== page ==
Although Taigi's husband, Domenico, could be ill-tempered and caustic, he was devoted to his wife. It was alleged that Taigi had an adulterous affair with an older man.[1][3] After her father died, Taigi's mother moved in with the family. In winter 1790, Taigi and Domenico visited Saint Peter's Basilica. She was leaning on his arm in an extravagant dress. A large throng saw her bump into the Servite priest, Father Angelo Verandi, in the piazza. Taigi went to confession and felt a strong inspiration to renounce her vanities. She cried to the priest: "Father; you have at your feet a great sinner." The priest replied, "Go away; you are not one of my penitents." Finally, the priest relented and allowed Anna Maria to confess. After he absolved her, the priest curtly slammed the confessional slide shut.[2] On another occasion, Taigi entered the church of San Andrea della Valle. Before the Crucifix, Taigi reported hearing the voice of Jesus Christ, "What is your wish? To follow Jesus poor and naked and stripped of all? Or to follow Him in His triumph and glory? Which do you choose?" Taigi replied, "I embrace the cross of my Jesus. I will carry it like Him in pain and ignominy. I await at His hands triumph and glory in the hereafter."[2]

On December 26, 1802, Taigi became a professed member of the Secular Trinitarians in the church of San Carlo alle Quattro Fontane.[1][4] She frequented hospitals and especially liked to visit and aid patients at San Giacomo of the Incurables. Taigi experienced a series of ecstasies and frequent visions in which she foresaw the future. She knew a range of religious individuals, including Cardinal Carlo Maria Pedicini. Their friendship lasted three decades. One evening, Taigi drifted off to sleep with a serene expression on her face. Her eyes drifted upwards, towards Heaven, which alarmed her daughter, Maria, who tearfully proclaimed, "Mamma is dead; Mamma is dead." Her sister, Sofia, corrected Maria, "No! She is praying," but Domenico said to them, "Be quiet! She's asleep. Leave her alone. She had no sleep last night."[2] Before Taigi died, she met with the first Bishop of Louisville Benedict Joseph Flaget. She praised the bishop and the United States of America.[3] Napoleon's mother, Letizia Ramolino, learned of Taigi and sought her spiritual advice. Some of Taigi's spiritual advisors were Raffaele Natali, the secretary of Pope Pius VII and Vincent Strambi.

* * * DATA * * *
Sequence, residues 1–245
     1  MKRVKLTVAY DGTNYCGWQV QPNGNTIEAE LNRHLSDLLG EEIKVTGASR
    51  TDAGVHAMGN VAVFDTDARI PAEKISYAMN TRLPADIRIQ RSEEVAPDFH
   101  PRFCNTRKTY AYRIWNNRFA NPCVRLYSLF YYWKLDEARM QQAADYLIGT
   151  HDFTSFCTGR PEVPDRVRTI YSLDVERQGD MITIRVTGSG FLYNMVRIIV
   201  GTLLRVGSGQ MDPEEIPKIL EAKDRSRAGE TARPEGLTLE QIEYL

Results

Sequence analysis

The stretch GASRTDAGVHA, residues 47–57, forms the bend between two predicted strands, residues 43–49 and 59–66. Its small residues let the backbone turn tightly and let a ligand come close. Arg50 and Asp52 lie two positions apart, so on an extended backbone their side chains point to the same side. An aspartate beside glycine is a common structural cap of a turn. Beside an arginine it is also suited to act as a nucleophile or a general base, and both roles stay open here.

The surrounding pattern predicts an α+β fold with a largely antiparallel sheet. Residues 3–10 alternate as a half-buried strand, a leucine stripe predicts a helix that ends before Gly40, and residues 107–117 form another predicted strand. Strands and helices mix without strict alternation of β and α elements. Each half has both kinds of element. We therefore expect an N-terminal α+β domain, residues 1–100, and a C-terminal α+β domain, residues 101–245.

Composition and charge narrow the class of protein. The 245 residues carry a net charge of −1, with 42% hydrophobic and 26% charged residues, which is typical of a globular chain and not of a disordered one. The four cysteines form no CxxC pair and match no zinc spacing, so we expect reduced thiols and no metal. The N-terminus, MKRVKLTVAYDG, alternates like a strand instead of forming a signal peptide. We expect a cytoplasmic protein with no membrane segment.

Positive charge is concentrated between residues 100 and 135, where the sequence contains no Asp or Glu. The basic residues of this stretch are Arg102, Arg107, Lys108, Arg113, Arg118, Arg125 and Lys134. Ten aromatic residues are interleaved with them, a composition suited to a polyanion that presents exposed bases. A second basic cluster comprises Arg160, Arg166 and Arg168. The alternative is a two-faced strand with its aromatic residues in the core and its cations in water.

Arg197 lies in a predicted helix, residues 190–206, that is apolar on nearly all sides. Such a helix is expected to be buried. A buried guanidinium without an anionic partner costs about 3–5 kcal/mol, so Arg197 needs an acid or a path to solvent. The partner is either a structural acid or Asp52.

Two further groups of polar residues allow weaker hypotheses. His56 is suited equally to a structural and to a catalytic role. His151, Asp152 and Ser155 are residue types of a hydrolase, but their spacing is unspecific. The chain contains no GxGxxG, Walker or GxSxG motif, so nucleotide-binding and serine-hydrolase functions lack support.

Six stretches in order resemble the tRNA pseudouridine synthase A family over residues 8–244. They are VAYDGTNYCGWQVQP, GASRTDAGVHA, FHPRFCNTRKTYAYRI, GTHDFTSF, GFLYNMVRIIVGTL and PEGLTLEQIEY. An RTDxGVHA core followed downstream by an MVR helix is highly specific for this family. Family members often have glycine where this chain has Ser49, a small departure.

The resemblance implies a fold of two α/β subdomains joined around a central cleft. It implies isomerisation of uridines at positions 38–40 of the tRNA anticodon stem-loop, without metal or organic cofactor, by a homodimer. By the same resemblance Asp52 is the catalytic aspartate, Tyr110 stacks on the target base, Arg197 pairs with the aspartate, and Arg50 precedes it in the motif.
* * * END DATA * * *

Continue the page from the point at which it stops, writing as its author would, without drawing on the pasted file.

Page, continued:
Later life[edit]